Competition amongst employers to get the right job candidates is intense. It isn’t simply about wages, with more and more organisations looking to entice applications on the back of things like flexible working and promotion of ‘work-life balance’.
There are more things to life than money; although it’s usually the case that we don’t realise it until we’re trapped in a job without too many other options to consider. Whilst the money might be good, it can sometimes be mere anaesthetic as we attempt to blot out the pressure and stress of an otherwise bum rap. There must be other things to think about when looking at where you might want to work.
The old question remains: Do you want to work to live, or live to work? Work-life balance is important and increasing numbers of employers are actually recognising that far from being a distraction or an area where productivity might be lost, that it’s actually the reverse and well worth investing in.
Every company operates differently and will have its own traditions, ethos and working practices. Any outfit aiming to be in business in the longer term needs to adopt new ideas to stay competitive and ensure that they not only get the best staff but that crucially they help them to stay in their employ. The upside for business is that flexible working goes hand-in-hand with proven results in increased productivity, fewer sickness absences and higher retention of staff (which cuts recruitment costs).
One of the most enthusiastic supporters of flexible working we’ve come across is BT. According to a statement on their website: “If you work for BT, we believe you should be able to enjoy the physical and mental benefits of a healthy work-life balance. Which is why we actively encourage flexible working.
By working in partnership with each other, thousands of our people have already established alternative working arrangements that are making our business more productive, cost effective and energised.” In fact, such is BT’s enthusiasm for flexible working that they even offer a service to their business customers that helps them to see the benefits and put the ideas into practice. (And where business is involved this means outlining benefits and dispelling myths.) Incredibly, they’ll manage every aspect – from providing equipment to redesigning office space.
Barclays is another big employer that puts flexible working front and centre on its recruitment web page saying: “Employee benefits include performance incentives, private healthcare, flexible working and structured opportunities for personal and professional development”.
Best For You?
The best places to work will depend on your own ideas of the sorts of places that’ll suit you. If you’re not the chatty type, don’t become a hairdresser; the endless conversations about other people’s holidays would quickly drive you to distraction! Similarly, if scatter cushions and salad bars don’t do it for you, it’s likely that you’re not a fit in the ‘ambient media’ sector either. Fortunately, there are plenty of other choices.
Although, money isn’t ‘everything’, it is ‘something’. The reality is that the best place to work also needs to pay you properly for your services. There are fewer things more stressful than doing your monthly accounts, only to find that you just aren’t earning enough money to cover the bills. This can very quickly help to change your mind about what ‘best’ really means.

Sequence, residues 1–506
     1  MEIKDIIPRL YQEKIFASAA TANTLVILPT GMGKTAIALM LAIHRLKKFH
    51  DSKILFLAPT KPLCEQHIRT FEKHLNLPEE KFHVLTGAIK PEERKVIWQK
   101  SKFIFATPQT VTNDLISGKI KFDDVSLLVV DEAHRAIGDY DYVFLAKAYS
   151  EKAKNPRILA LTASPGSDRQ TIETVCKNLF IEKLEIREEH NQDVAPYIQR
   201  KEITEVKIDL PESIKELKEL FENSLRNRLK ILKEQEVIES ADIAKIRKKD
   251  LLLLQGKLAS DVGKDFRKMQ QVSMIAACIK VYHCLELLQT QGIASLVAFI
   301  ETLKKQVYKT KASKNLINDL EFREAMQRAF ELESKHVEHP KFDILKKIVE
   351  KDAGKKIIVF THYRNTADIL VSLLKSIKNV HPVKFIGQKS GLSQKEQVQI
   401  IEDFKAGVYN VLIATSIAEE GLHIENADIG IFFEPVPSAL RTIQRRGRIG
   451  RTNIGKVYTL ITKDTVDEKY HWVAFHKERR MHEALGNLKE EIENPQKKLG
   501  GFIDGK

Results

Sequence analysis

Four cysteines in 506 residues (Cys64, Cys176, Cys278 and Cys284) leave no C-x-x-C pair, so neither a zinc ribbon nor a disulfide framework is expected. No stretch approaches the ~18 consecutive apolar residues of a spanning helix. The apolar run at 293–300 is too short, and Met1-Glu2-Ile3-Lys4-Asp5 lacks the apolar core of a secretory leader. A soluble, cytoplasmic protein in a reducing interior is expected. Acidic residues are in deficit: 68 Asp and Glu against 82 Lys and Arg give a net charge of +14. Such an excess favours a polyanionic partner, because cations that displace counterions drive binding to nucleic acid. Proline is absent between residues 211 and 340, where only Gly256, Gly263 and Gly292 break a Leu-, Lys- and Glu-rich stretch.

Even things that don’t sound particularly like perks can be very useful and help swing a decision regarding where to work. Training, for example, might not seem like anything but an employer’s duty but don’t underestimate the costs involved to them in time and resources and of course the nourishment to you own CV that it provides.
Different Types of Workplace
The vogue for finding the best companies to work for in the UK was founded by The Times newspaper and their famous ‘100 Best Companies To Work For’ lists. Interestingly, they are canny enough to provide several lists every year including: ‘Best Companies To Work For’, ‘Best Small Companies To Work For’, ‘Best Not-For-Profit Companies To Work For’ as well as other lists relating to graduate recruitment and so on.
This tells us immediately, and you knew this anyway, that there is no company in existence that has all the answers to being a good employer and that secondly, specific sectors are likely to behave very differently and that comparisons made between employees in a corner shop and a corporate bank just aren’t going to float.
This year’s ‘100 Best Companies To Work For’ frankly reads like a list of companies you’ve never heard of, with the most notable ‘household’ name in the top 25 being ‘Amigo Loans’ at number 23. (Apparently, the 81% positive score for employee satisfaction levels are kept up by serving free breakfast as well as classes in Yoga, self defence and meditation.)
It’s equally difficult to nail down sectors where you’ll enjoy working. Again, The Times’ list shows that most sectors are represented, making it clear that a good company to work for is likely to be the result of management and practices rather than what industry they’re involved with.
There are, of course, seriously good perks around, if you go looking for them, ranging from the solid stuff like money, hours, wages, childcare and so on through to flexible working, holidays and incentives through to discounts on products or prizes, parties, perks and freebies. Reading through a couple of the citations of the Times’ list, it’s clear that there are some really great employers out there, although it needs to be pointed out that every employer with a sense of management will direct at least some resources into making their employees happy in their work.